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To whom I fometimes in our idle talk
Have told this fancy, two or three, perhaps,
Years after we are gone and in our graves,
When they have cause to speak of this wild place,
May call it by the name of EMMA'S DELL.
There is an eminence,-of these our hills.
The last that parleys with the setting fun;
We can behold it from our orchard-feat ;
And, when at evening we pursue our walk
Along the public way, this cliff, so high
Above us, and fo diftant in its height,
Is vifible; and often seems to fend
Its own deep quiet to restore our hearts.
The meteors make of it a favourite haunt :
The ftar of Jove, so beautiful and large
In the mid heavens, is never half fo fair
As when he shines above it. 'Tis in truth
The lonelieft place we have among the clouds.
And she who dwells with me, whom I have loved
With fuch communion, that no place on earth
Can ever be a folitude to me,
Hath to this lonely fummit given my Name.
Our walk was far among the ancient trees;
There was no road, nor any woodman's path;
But the thick umbrage,-checking the wild growth
Of weed and fapling, on the foft green turf
Beneath the branches,—of itself had made
A track, which brought us to a flip of lawn,
And a small bed of water in the woods.
All round this pool both flocks and herds might drink
On its firm margin, even as from a well,
Or fome stone bafin which the herdsman's hand
Had shaped for their refreshment; nor did fun,
Or wind from any quarter, ever come,
But as a bleffing, to this calm recefs,
This glade of water, and this one green field.
The spot was made by Nature for herself.
The travellers know it not, and 'twill remain
Unknown to them: but it is beautiful;
And if a man fhould plant his cottage near,
Should fleep beneath the shelter of its trees,
And blend its waters with his daily meal,
He would fo love it, that in his death-hour
Its image would furvive among his thoughts:
And therefore, my fweet MARY, this still nook,
With all its beeches, we have named from you.
WRITTEN WITH A SLATE-PENCIL
Upon a Stone, the largest of a Heap lying near a Dejerted Quarry, upon one of the Islands at Rydale.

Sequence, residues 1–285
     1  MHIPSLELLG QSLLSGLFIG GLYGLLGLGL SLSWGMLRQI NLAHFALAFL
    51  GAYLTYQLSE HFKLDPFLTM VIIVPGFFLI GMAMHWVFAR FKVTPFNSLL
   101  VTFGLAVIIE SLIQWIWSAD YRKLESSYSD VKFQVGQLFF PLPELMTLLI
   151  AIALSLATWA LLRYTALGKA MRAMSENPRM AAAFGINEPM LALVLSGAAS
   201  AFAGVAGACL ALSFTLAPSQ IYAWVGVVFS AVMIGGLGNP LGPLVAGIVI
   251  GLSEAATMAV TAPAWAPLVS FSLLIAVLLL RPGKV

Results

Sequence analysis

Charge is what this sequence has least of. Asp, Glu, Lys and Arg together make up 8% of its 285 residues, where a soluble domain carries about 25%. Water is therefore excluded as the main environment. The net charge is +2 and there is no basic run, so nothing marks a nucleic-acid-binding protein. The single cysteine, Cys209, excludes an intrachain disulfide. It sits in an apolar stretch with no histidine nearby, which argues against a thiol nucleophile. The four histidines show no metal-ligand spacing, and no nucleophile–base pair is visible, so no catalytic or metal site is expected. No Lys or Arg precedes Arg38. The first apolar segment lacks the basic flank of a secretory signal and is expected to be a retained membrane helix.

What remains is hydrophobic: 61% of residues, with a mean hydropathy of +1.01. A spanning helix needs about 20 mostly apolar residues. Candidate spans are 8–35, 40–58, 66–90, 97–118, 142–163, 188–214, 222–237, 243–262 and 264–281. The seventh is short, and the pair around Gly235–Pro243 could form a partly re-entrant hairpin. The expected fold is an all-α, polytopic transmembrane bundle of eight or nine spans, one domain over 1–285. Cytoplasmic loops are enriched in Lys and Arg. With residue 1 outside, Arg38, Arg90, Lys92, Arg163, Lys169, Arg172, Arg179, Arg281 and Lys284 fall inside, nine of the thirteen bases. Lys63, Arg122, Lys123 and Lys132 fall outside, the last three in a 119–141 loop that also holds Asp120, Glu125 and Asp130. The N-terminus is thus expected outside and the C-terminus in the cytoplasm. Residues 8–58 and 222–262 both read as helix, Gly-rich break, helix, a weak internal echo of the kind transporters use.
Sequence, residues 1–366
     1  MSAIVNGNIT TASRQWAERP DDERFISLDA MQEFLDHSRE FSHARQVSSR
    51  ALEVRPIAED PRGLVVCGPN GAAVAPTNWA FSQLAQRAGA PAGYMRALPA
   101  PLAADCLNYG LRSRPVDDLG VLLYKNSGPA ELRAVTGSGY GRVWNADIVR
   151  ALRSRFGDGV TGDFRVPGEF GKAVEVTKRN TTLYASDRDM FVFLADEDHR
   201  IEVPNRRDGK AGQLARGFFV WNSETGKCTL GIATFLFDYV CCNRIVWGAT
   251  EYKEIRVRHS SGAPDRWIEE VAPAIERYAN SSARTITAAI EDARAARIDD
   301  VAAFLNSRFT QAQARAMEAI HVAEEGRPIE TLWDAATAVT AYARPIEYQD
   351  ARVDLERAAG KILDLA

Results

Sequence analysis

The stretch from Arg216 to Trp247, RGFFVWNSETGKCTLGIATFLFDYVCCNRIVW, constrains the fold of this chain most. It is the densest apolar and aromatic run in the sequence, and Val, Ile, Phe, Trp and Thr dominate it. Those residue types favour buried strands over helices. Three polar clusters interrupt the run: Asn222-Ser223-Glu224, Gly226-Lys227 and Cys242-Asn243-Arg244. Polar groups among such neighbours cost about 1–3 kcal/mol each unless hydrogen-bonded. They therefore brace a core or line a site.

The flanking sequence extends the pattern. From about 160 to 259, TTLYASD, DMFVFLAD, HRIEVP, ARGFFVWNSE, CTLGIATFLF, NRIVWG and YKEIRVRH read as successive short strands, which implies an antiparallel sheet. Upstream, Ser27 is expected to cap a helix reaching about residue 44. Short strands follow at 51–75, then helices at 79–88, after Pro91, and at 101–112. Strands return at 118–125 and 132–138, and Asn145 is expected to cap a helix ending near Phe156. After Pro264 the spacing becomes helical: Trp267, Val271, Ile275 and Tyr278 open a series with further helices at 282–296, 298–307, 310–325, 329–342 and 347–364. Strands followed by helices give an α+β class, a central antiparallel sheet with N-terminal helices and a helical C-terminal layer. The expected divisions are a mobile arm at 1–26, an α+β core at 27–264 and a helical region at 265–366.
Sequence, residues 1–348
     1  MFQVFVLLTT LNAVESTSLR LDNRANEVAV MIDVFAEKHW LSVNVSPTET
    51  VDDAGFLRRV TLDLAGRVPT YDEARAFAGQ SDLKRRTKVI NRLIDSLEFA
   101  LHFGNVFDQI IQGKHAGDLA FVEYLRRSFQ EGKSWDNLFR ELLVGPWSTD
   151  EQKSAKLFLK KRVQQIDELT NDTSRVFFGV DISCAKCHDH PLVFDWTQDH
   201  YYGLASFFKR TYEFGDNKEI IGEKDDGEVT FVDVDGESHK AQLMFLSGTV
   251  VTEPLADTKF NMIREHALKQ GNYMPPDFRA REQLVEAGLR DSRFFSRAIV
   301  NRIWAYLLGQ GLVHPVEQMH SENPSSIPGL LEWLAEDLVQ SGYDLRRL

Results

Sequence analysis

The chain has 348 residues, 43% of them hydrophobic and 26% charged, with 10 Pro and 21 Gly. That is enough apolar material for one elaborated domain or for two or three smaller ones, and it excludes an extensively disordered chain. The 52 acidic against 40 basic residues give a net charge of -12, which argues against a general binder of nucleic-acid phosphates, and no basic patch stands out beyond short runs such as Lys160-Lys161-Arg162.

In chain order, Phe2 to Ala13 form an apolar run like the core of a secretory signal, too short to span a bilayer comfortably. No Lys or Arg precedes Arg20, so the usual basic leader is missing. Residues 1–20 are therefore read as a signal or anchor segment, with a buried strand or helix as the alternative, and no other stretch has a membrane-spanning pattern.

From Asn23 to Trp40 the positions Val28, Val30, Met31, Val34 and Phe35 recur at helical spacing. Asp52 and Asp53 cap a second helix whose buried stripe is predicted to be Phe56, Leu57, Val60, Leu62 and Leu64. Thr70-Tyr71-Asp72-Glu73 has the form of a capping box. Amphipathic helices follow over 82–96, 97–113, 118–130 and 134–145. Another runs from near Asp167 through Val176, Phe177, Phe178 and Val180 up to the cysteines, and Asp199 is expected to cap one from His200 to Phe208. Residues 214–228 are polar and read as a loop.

Stranger! this hillock of misfhapen stones
Is not a Ruin of the ancient time,
Nor, as perchance thou rafhly deem'st, the Cairn
Of fome old British chief: 'tis nothing more
Than the rude embryo of a little dome
Or pleasure-house, once destined to be built
Among the birch-trees of this rocky ifle.
But, as it chanced, Sir William having learned
That from the fhore a full-grown man might wade,
And make himself a freeman of this spot
At any hour he chofe, the knight forthwith
Desisted, and the quarry and the mound
Are monuments of his unfinished task.—-
The block on which these lines are traced, perhaps,
Was once felected as the corner-stone
Of the intended pile, which would have been
Some quaint odd play-thing of elaborate skill,
So that, I guess, the linnet and the thrush,
And other little builders who dwell here,
Had wondered at the work. But blame him not,
For old Sir William was a gentle knight
Bred in this vale, to which he appertained
With all his ancestry. Then peace to him,
And for the outrage which he had devised
Entire forgiveness !--But if thou art one
On fire with thy impatience to become
An inmate of these mountains,-if, disturbed
By beautiful conceptions, thou haft hewn
Out of the quiet rock the elements
Of thy trim manfion deftined foon to blaze
In fnow-white splendour,—think again, and, taught
By old Sir William and his quarry, leave
Thy fragments to the bramble and the rose;
There let the vernal flow-worm fun himself,
And let the red-breast hop from stone to stone.